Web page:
Tech 2.0 for Monday, June 17, 2013

Contributor: Matt Davenport
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Updated: 6/17/2013 12:40 pm


Apple is the latest major tech company saying U.S. law enforcement officials made thousands of requests for data about its users. In a statement released Monday morning, the company said it got up to 5,000 requests from federal, state and local authorities over the last seven months. The requests covered up to 10,000 accounts or devices. Apple said some of the requests were related to national security matters. But most were made by police investigating crimes, searching for missing persons or trying to prevent suicide. The revelation comes after a computer analyst leaked details of a secret U.S. government program surveillance program called "PRISM." That program monitors e-mails, photos, search histories and other data from American-based Internet companies.

Google has settled a shareholder lawsuit to clear the way for a long-delayed split of the Internet search leader's stock. The agreement announced Monday resolves allegations that Google co-founders Larry Page and Sergey Brin engineered the stock split in a way that unfairly benefits them and shortchanges the rest of the company's shareholders. The split calls for a new class of stock with no voting power to be issued for each share of an existing category of voting stock. The structure is designed to ensure that Page and Brin retain control over the company. The settlement will require Google Inc. to compensate owners of the new class of if stock if it's worth less than the existing class of stock after one year of trading.

China has built the world's fastest computer for a second time, beating the U.S.'s Titan machine. The semiannual TOP500 official listing of the world's fastest supercomputers says the Tianhe-2 developed by the National University of Defense Technology in Changsha city in central China is capable of sustained computing of 33.86 petaflops per second. That's the equivalent of 33,860 trillion calculations per second. The list was released Monday. The Tianhe-2 knocks the U.S. Department of Energy's Titan machine off the no. 1 spot. It achieved 17.59 petaflops per second. It's the second time China has been named as having built the world's fastest supercomputer. In 2010, predecessor Tianhe-1A gained that honor. Supercomputers are used for complex work such as modeling weather systems, simulating nuclear explosions and designing jetliners.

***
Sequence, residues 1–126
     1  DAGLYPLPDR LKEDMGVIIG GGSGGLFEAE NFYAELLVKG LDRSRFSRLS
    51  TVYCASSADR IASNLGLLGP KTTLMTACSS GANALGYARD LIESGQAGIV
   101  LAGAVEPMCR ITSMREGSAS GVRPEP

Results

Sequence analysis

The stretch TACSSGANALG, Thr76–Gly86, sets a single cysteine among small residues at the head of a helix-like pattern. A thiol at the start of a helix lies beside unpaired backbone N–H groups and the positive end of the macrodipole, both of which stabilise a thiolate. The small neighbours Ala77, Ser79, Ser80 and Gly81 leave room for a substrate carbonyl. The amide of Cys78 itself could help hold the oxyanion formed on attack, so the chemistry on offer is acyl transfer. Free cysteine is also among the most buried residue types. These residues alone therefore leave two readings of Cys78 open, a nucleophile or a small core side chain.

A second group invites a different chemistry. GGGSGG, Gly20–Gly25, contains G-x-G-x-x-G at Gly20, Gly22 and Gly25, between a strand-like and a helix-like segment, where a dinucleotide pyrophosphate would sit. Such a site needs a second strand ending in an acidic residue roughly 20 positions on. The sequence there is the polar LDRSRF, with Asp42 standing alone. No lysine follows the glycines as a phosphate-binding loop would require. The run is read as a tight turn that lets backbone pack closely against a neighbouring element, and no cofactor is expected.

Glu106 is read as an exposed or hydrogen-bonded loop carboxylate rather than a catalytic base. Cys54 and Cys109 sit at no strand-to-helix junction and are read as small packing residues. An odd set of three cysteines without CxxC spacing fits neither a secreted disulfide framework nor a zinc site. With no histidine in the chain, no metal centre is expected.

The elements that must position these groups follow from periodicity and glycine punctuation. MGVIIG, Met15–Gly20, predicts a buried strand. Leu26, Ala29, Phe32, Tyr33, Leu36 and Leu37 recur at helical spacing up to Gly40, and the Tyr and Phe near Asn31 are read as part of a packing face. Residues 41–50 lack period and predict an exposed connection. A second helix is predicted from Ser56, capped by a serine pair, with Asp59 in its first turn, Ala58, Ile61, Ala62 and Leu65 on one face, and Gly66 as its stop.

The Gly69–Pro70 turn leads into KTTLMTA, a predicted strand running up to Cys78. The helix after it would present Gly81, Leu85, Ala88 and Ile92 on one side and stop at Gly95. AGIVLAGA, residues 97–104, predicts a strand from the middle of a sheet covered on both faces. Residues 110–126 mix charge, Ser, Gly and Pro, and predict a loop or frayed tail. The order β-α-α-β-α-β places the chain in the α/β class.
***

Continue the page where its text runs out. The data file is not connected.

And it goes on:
Microsoft Office is now available for the iPhone. iPhone users can now edit in Microsoft Excel or work on a Powerpoint on the go. But they cannot start any new documents. Just a few days ago, Apple announced that its own iWork suite is now compatible with Microsoft products. No word if Office will be available for Android users anytime soon.


Full Details Uncovered on Chinese Tianhe-2 Supercomputer (is this a stolen copy of a US computer?) With help from a draft report from Oak Ridge National Laboratory's Jack Dongarra, who also spearheads the process of verifying the top of the pack supercomputer, we get a detailed look at China's Tianhe-2 system. As noted previously, the system will be housed at the National Supercomputer Center in Guangzhou and has been aimed at providing an open platform for research and education and to provide a high performance computing service for southern China. From Jack's details: '... was sent results showing a run of HPL benchmark using 14,336 nodes, that run was made using 50 GB of the memory of each node and achieved 30.65 petaflops out of a theoretical peak of 49.19 petaflops, or an efficiency of 62.3% of theoretical peak performance taking a little over 5 hours to complete.The fastest result shown was using 90% of the machine. They are expecting to make improvements and increase the number of nodes used in the test.

China Surpassing U.S. With 54.9 Petaflop Supercomputer: China has developed a supercomputer capable of 54.9 petaflops, more than twice the speed of any system in the United States, according to University of Tennessee professor Jack Dongarra. China's newest system, which was built with Intel chips but also contains Chinese-produced technologies, would be the world's fastest. Dongarra says the new system, called Tianhe-2, has 32,000 multicore Intel Xeon Ivy Bridge chips and 48,000 Xeon Phi chips. The world's current fastest supercomputer is located at the Oak Ridge National Laboratory and runs at nearly 18 petaflops. However, Dongarra notes that China may have the leading system for some time, as the next large acquisition of a supercomputer for the U.S. Department of Energy will not be until 2015. U.S. researchers recently warned Congress that the United States is at risk of falling behind in high-performance computing development unless it commits hundreds of millions of dollars to exascale research. China wants to produce an exascale system before 2020, while the United States is not expected to produce an exascale system until about 2025, according to industry experts.
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